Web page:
After assuming peak intensity, Hilary remained a powerful Category 4, although the eye briefly disappeared near 0900 UTC September 24. The hurricane continued westward and slowly weakened, becoming a Category 3 near 0600 UTC September 25 while located about 420 miles south-southeast of the southern tip of Baja California. Since the synoptic environment was seemingly favorable during this time, this weakening appears to have been related to changes within the inner core structure, namely an eyewall replacement cycle. As the cycle culminated, Hilary began to restrengthen a little again late on September 25, and is estimated to have briefly regained Category 4 status again near 1800 UTC September 26 while centered about 485 miles south-southwest of the southern tip of Baja California. Hilary weakened to a Category 3 again six hours later. The hurricane also gradually turned northwestward as a large trough amplified off the United States west coast.

The eye briefly reappeared late on September 27, disappearing for a final time just after 0000 UTC September 28. As the hurricane moved across cooler sea surface temperatures, it slowly weakened, losing hurricane strength near 0000 UTC September 29 while located around 600 miles west-southwest of the southern tip of Baja California. The tropical cyclone continued to spin down, weakening to a tropical depression near 1200 UTC that day. Hilary weakened to a remnant low around 0600 UTC September 30 while centered about 750 miles west of the southern tip of the Baja Peninsula.

I should note that Hilary was a difficult storm to summarize, given its tenacity.
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172. HadesGodWyvern (Mod)
Mauritius Meteorological Services
Tropical Cyclone Advisory #5
TEMPETE TROPICALE MODEREE ALENGA (01-20112012)
10:30 AM RET December 6 2011
==============================================

At 6:00 AM UTC, Moderate Tropical Storm Alenga (990 hPa) located at 13.0S 87.4E has 10 minute sustained winds of 40 with gusts of 60 knots. The cyclone is reported as moving south at 3 knots.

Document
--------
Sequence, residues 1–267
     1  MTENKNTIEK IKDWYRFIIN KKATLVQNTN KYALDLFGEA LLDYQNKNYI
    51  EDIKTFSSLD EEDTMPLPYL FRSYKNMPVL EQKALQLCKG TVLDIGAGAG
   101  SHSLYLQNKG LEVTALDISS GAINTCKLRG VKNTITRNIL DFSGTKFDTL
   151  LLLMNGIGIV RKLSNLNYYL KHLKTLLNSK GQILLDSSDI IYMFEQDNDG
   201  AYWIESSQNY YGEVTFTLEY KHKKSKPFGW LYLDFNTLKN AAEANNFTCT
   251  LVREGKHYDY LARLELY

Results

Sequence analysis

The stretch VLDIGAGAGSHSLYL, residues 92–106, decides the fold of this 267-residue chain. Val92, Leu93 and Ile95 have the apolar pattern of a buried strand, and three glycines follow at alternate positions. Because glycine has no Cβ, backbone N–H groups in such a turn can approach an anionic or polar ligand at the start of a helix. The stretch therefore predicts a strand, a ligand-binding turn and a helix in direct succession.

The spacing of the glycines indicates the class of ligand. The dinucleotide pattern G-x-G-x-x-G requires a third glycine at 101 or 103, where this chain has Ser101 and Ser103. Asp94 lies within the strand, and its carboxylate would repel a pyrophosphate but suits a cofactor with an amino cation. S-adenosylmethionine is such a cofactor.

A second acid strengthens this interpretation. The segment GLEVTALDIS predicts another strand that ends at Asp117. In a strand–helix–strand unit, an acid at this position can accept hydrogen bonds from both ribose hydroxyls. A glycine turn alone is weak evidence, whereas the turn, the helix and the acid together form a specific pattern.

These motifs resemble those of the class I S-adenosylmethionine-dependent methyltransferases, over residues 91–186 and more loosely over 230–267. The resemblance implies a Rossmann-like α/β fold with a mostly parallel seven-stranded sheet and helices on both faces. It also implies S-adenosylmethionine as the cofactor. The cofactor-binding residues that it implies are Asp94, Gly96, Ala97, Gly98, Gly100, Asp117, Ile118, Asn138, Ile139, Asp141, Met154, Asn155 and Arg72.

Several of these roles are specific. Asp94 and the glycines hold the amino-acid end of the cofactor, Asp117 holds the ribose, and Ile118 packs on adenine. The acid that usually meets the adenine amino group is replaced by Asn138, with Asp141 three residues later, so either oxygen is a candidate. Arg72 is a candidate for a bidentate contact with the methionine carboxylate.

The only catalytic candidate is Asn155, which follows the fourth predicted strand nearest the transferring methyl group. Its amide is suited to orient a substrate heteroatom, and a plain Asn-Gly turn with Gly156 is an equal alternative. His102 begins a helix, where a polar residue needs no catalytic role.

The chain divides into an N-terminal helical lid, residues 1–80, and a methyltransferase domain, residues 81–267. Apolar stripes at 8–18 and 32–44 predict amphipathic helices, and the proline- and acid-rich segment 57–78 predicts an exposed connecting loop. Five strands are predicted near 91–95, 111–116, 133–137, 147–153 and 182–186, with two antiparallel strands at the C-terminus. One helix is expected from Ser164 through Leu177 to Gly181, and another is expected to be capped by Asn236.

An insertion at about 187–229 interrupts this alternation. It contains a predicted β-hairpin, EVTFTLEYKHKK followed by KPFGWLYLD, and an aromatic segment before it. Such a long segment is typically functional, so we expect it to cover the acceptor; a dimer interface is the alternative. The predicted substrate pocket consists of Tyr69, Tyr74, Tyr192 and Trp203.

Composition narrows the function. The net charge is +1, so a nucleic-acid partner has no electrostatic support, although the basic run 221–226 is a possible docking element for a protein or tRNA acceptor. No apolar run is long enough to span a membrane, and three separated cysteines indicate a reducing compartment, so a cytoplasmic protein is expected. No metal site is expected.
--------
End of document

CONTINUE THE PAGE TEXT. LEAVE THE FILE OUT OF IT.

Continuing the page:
Gale Force Winds
================
30 NM from the center extending up to 40 NM in the northern semi-circle

Near Gale Force Winds
====================
50 NM from the center extending up to 60 NM in the northern semi-circle

Dvorak Intensity: T3.0/3.0/W1.0/12 HRS

Forecast and Intensity
======================
12 HRS: 13.8S 87.5E - 40 knots (Tempête Tropicale Moderée)
24 HRS: 14.7S 89.3E - 35 knots (Tempête Tropicale Moderée)
48 HRS: 17.0S 93.8E - 30 knots (Depression Tropicale)
72 HRS: 21.0S 100.4E - 30 knots (Depression Extratropicale)

Additional Information
======================

According to the last available satellite data, Alenga's structure has rapidly changed during the last 6 hours and system is weakening and is currently a moderate tropical storm.

In relationship with a mid-level trough transiting in its south, Alenga is forecast to progressively accelerate towards the southeast.

On and after 1200z, system begins to undergo moderate west northwesterly vertical wind shear and intensity is expected to decrease faster. On this forecast, the system should pass east of 90E Wednesday morning. Thursday, an increase of vertical wind shear and cooler sea surface temperature should produce significant weakening on the system. Extratropical transition is now expected at this time.